Children craft holidays for the homeless

The Giving Tree is back and children came to Oakville Grocery Store in downtown Healdsburg to get the ball rolling on the project, now in its third year.

The Giving Tree starts with paper ornaments that are crafted by the children. Members of the homeless community then write down what they would like on the ornaments before putting them up on the tree for residents to fulfill. The presents are then taken out to the homeless community by Reach for Home’s Rick Cafferata.

The tree project has been organized each year by local homeless advocate Gail Jonas and the kids were getting into the spirit Nov. 13 as they grabbed scissors and got to work.

Sophia Jonas said it was her second year helping create the ornaments. She said that this year, she came out with friends and family for the first time.

“I think it’s fun to make them and just spend time with people,” Sophia Jonas said.

After the ornaments have their gifts listed on them, she said she liked to see what was on people’s wish lists and helping spread the word to people who might be interested in donating.

For Julia Dolph, this was another way to help her community. Previously, she ran a dog walking service for her neighbors.

“I think this is a really good way to show our dedication to the community,” she said.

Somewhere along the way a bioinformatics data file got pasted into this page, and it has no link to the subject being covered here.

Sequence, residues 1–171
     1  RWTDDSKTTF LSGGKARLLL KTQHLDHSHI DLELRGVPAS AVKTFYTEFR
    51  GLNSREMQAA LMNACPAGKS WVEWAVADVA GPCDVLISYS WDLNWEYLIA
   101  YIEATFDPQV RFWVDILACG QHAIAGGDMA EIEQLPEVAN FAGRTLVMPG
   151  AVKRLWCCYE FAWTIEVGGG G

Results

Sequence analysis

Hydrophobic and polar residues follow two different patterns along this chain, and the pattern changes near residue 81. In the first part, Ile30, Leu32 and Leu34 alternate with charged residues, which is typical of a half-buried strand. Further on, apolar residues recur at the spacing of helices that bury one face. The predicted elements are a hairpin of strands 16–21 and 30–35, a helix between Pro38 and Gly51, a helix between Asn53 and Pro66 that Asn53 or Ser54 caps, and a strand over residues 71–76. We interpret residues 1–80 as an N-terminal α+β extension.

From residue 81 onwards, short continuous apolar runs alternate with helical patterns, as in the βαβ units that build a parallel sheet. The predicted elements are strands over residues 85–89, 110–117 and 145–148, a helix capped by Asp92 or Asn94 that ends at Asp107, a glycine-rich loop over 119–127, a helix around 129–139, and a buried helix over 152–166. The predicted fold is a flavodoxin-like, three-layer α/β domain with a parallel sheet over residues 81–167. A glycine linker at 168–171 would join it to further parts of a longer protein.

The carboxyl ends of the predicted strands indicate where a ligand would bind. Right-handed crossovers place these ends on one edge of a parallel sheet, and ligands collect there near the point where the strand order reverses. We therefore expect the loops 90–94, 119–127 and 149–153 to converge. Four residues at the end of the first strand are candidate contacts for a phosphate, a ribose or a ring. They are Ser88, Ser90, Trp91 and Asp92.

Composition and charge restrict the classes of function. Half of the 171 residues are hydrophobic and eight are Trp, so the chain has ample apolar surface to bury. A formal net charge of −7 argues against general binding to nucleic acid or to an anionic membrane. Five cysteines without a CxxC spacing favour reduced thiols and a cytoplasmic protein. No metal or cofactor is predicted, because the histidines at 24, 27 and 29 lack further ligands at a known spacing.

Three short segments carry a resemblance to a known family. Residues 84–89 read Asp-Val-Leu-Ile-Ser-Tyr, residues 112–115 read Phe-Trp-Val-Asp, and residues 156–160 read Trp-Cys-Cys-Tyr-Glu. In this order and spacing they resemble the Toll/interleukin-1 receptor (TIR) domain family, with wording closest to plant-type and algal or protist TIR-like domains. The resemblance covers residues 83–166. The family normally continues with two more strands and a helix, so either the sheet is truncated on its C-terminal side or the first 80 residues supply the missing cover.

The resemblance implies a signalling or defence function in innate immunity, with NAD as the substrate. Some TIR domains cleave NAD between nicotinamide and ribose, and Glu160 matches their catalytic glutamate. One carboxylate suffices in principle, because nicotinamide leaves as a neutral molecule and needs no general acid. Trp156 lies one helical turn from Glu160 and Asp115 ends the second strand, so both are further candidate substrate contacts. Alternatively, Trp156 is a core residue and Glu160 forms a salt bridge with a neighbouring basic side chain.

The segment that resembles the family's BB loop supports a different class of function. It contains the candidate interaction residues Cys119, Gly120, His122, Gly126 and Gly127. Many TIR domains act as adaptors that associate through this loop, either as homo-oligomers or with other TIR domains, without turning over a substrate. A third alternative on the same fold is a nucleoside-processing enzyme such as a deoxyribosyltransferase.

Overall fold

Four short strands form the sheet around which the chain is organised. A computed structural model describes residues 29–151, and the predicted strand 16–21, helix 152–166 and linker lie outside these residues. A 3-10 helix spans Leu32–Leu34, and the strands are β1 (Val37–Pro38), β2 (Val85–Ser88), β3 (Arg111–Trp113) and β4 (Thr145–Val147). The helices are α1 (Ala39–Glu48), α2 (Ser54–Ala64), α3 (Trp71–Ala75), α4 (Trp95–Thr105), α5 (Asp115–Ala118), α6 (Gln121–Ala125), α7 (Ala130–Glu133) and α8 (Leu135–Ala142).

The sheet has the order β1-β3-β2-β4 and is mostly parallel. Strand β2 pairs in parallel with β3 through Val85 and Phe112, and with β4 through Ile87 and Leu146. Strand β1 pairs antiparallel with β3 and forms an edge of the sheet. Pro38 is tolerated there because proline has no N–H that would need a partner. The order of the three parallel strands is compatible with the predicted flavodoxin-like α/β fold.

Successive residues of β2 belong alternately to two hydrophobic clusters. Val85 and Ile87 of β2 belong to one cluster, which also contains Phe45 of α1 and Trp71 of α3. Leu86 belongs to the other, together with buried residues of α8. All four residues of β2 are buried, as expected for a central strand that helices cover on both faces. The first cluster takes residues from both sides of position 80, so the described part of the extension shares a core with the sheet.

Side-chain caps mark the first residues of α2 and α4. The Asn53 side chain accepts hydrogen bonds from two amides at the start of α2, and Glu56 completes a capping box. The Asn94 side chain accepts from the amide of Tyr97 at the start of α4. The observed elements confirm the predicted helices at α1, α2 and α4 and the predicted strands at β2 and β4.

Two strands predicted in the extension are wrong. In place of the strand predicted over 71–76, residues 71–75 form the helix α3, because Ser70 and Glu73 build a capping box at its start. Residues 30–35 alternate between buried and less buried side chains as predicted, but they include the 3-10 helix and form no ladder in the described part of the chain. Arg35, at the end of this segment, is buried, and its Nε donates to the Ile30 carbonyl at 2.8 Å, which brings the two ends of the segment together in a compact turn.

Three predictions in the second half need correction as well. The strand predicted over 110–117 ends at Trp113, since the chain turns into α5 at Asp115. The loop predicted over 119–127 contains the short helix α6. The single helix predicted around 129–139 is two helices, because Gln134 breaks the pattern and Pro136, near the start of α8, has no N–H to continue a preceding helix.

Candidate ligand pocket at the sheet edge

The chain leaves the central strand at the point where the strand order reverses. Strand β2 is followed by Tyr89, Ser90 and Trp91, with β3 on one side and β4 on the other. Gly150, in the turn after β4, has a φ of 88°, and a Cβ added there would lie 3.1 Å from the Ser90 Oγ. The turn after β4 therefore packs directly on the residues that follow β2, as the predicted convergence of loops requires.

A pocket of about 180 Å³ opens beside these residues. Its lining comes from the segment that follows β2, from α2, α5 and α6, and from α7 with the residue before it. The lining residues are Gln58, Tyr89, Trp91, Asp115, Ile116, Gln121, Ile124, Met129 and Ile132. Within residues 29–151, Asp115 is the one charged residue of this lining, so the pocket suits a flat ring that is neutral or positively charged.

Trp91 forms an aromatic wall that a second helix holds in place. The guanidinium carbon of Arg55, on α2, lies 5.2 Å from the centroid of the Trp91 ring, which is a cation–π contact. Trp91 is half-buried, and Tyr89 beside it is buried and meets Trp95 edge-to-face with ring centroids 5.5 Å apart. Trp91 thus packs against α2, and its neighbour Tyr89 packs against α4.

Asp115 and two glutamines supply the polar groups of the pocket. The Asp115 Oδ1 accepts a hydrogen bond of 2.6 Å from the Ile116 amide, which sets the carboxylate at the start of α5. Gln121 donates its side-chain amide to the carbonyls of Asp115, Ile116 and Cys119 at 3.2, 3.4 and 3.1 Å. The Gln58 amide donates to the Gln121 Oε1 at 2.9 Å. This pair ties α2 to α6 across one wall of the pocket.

And there are sweet rewards for the help, too, as Josh Proctor pointed out. A slew of cookies was available to help keep the energy up.

Having kids help with The Giving Tree is a big part of the project, Cafferata said.

“I have them (gift recipients) to where they break down and cry. Cause somebody gave them something and especially something that they asked for. Not just something that somebody gives you out of the blue.” Cafferata said. “It’s wonderful to get the younger generation involved. They go home and teach their parents a thing or two.”

The kids’ work pays off, too.

“Last year I got a really cool pair of boots,” said Lucky, a member of the homeless community.

Lucky said that he appreciates the energy the kids bring to the project.

The first year the tree went up, it had 20 ornaments, Cafferata said. Last year, there were around 30. There was a concern from last year, however, when shortly after the gifts from the tree were given, there was a police sweep of camps, which possibly left people without their new gifts.